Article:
An Anecdote About Table Linens

Photo from Pinterest

Photo from Pinterest

“Up until the sixteenth century, eating was a rather rough-and-ready affair that we would certainly not describe as dining. As people and their habits became more refined, table settings and linens also became more refined. As the 16th century progressed, it became a sign of wealth for each diner to have his own napkin (rather than wiping one’s hands and mouth on clothes). It was a sign of even greater wealth if the napkins were changed for fresh ones several times as the meal progressed through its courses. These napkins were larger than the ones used today and were tied around the neck to protect all those expensive silks and brocades from dripping sauces, soups, and gravies. Because it was difficult to tie a napkin behind one’s head, polite diners helped each other with this little task and thus arose the saying “making both ends meet.”

Although there are many beautiful linen tables at flea markets, locally made cotton mats and napkins are mostly used. These can be purchased in wonderful colors and patterns and only become more beautiful with age. The best way to handle these table linens is to wash them with your favorite detergent and dry them on the line. Using scented linen water or scented sachets with table linens may interfere with food aromas much as scented candles on the table would.”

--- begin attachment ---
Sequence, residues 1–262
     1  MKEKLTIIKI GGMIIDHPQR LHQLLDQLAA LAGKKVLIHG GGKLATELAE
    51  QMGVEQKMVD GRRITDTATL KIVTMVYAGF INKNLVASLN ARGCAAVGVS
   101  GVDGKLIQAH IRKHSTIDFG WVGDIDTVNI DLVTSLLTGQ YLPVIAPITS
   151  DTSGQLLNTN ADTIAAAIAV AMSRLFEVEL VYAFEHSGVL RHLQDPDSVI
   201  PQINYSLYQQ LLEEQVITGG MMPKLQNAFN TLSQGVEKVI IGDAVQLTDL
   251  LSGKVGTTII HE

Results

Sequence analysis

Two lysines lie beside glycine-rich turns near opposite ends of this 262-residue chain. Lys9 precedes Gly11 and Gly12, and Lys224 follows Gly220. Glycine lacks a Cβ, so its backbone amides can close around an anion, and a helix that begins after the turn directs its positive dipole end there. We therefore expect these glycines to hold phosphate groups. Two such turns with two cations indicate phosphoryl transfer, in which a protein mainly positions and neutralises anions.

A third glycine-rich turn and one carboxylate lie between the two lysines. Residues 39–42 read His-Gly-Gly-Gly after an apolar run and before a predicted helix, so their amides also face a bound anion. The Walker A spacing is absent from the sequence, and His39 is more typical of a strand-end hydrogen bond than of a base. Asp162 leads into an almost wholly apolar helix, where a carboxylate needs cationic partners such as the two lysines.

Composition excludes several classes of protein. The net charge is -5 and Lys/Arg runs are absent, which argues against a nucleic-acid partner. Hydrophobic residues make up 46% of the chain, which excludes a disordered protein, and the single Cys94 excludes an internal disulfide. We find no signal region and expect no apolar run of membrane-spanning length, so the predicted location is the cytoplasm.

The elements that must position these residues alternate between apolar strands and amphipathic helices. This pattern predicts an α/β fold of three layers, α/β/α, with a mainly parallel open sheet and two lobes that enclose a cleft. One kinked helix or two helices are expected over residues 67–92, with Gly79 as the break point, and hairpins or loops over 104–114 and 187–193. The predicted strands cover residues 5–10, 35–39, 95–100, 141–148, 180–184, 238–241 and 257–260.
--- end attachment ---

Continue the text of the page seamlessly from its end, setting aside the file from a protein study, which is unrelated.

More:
Source: Joie de Vivre, 2002


Cheese Police

cheese plate

cheese plate


Of course, there’s no cheese police monitoring how one cuts cheese in France, but there IS a proper way to cut the various shapes of cheese – are you in the etiquette know?!

Cheese is usually served on a platter with knives designated for each type. Choices (3 or 5 types) should include hard, soft, and blue varieties ranging from mild to strong flavors.

  • Round cheese, like a small, whole Camembert should be already started with a small wedge cut and removed from the circle, so it’s cut like a pie.
  • A square or rectangular brick of cheese, such as blue, should have a rectangle cut off the end.
  • With a wedge/triangular-shaped cheese, such as Brie, simply slice a sliver off along the side of the wedge – NEVER cut the tip off a wedge of triangular cheese.

Remove the cheese from the platter to your plate by gently stabbing with the knife to pick up your piece.

If in doubt, just remember – the original shape of the cheese should be maintained.  Voila & bon appetit!